“Studies have shown that the average employee with Internet access spends about one-fourth of the workday on e-mail – not all of which is work related.” This factoid comes from strategy+business, Winter 2010 at 126. If that is an average, in-house counsel might typically spend even more time on e-mail. If so, perhaps the single biggest boost to productivity would be software, techniques, or disciplines to improve the flow and handling of e-mail.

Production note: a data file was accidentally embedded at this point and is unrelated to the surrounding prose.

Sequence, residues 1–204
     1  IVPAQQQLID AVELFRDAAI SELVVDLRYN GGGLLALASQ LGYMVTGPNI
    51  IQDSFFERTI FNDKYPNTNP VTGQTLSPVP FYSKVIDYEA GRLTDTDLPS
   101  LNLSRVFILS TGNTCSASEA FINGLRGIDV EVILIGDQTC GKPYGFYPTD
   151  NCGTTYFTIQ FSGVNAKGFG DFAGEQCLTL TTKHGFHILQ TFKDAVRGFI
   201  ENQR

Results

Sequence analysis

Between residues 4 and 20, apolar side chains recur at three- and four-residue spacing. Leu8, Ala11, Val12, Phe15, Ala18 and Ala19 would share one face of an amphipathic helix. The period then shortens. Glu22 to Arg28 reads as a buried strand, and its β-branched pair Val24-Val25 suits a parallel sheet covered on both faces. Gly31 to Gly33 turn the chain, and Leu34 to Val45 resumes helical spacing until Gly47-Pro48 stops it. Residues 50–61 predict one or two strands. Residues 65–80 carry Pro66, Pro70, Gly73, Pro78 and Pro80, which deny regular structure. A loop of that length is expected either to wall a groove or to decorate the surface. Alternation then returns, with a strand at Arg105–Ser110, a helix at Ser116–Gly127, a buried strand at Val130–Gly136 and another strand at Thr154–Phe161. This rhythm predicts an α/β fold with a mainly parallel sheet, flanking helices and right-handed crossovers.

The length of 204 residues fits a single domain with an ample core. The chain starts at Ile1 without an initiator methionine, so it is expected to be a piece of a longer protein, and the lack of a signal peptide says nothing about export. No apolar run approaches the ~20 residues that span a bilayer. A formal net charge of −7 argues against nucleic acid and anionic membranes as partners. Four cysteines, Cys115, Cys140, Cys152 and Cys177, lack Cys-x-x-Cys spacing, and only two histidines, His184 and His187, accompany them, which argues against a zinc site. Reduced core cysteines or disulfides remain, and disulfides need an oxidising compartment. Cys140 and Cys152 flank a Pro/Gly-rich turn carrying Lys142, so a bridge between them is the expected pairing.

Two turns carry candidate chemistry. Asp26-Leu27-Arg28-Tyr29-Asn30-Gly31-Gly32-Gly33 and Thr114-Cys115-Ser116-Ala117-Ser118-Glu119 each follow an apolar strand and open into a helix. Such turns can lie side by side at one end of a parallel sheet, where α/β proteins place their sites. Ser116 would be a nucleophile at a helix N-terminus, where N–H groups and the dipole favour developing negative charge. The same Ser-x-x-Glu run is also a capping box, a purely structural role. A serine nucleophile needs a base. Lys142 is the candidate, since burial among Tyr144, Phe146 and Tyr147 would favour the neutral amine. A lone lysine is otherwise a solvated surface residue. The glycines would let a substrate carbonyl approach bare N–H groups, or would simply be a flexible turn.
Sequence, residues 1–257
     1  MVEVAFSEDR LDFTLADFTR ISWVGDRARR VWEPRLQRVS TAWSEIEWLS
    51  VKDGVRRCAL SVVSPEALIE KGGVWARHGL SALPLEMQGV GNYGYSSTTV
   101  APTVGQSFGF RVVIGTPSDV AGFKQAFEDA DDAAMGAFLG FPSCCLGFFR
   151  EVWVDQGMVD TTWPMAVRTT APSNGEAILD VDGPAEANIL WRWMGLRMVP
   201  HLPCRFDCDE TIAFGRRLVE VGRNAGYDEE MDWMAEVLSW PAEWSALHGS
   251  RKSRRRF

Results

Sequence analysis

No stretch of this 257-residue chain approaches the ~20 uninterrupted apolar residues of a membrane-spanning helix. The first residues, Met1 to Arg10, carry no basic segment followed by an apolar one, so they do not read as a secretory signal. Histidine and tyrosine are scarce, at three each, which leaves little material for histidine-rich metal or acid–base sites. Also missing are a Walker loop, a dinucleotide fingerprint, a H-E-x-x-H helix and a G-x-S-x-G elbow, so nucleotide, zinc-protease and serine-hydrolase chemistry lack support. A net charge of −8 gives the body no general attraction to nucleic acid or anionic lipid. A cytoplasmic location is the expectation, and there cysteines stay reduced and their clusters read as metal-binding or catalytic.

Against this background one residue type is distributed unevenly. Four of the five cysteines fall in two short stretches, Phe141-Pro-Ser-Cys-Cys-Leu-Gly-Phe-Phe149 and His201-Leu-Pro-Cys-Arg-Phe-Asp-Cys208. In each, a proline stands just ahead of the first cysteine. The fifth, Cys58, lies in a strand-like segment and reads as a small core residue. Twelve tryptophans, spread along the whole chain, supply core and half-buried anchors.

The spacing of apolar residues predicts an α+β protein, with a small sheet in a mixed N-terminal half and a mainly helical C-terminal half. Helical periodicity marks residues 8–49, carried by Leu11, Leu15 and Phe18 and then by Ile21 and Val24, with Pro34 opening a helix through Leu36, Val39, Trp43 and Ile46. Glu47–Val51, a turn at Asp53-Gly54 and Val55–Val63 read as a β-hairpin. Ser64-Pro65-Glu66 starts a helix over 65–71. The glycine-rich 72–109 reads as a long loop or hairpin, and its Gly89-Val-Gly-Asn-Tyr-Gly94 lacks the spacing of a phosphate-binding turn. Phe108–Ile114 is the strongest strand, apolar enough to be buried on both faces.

In line with the importance of e-mail productivity, consider that this blog has accumulated no less than 29 posts about effectiveness and e-mails. The most recent batch followed my second metapost (See my post of Aug. 26, 2009: loss of 24 minutes for each e-mail interruption and IQ diminishment; Aug. 26, 2009: five more tips for e-mail productivity; Dec. 8, 2009: expectations of rapid responses to e-mails; Dec. 14, 2009: four more ideas to improve email productivity; Feb. 8, 2010: law firm CIOs rated e-mail management as top annoyance; March 31, 2010: put a link to a document rather than attach it; June 15, 2010: software to lessen e-mail distractions; June 16, 2010: Internet interruptions; June 21, 2010: 8 suggestions for cc’s on emails; June 25, 2010: compared to instant messaging; June 29, 2010: embedded templates and response buttons in e-mail for litigation hold orders; July 12, 2010: a “quiet time” during a day for no e-mails; July 26, 2010: e-mail before bedtime has the jolt of caffeine; and Oct. 20, 2010: consider the environment before unthinkingly printing emails.).